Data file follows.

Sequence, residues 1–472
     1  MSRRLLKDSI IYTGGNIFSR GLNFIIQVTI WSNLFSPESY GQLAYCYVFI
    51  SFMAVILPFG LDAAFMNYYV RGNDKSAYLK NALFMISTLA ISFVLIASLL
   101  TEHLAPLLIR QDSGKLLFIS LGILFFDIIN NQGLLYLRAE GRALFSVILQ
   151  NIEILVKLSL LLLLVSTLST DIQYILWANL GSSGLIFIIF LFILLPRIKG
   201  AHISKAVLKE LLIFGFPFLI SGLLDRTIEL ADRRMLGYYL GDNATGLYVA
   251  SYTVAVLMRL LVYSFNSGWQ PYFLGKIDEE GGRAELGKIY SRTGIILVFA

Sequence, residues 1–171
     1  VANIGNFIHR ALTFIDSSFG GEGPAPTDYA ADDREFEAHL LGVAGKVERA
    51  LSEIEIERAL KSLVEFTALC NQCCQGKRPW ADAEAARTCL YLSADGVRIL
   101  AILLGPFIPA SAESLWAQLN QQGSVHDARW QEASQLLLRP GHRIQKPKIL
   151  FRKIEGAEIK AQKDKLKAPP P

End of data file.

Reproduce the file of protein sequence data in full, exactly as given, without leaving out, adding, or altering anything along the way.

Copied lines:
Sequence, residues 1–472
     1  MSRRLLKDSI IYTGGNIFSR GLNFIIQVTI WSNLFSPESY GQLAYCYVFI
    51  SFMAVILPFG LDAAFMNYYV RGNDKSAYLK NALFMISTLA ISFVLIASLL
   101  TEHLAPLLIR QDSGKLLFIS LGILFFDIIN NQGLLYLRAE GRALFSVILQ
   151  NIEILVKLSL LLLLVSTLST DIQYILWANL GSSGLIFIIF LFILLPRIKG
   201  AHISKAVLKE LLIFGFPFLI SGLLDRTIEL ADRRMLGYYL GDNATGLYVA
   251  SYTVAVLMRL LVYSFNSGWQ PYFLGKIDEE GGRAELGKIY SRTGIILVFA

Sequence, residues 1–171
     1  VANIGNFIHR ALTFIDSSFG GEGPAPTDYA ADDREFEAHL LGVAGKVERA
    51  LSEIEIERAL KSLVEFTALC NQCCQGKRPW ADAEAARTCL YLSADGVRIL
   101  AILLGPFIPA SAESLWAQLN QQGSVHDARW QEASQLLLRP GHRIQKPKIL
   151  FRKIEGAEIK AQKDKLKAPP P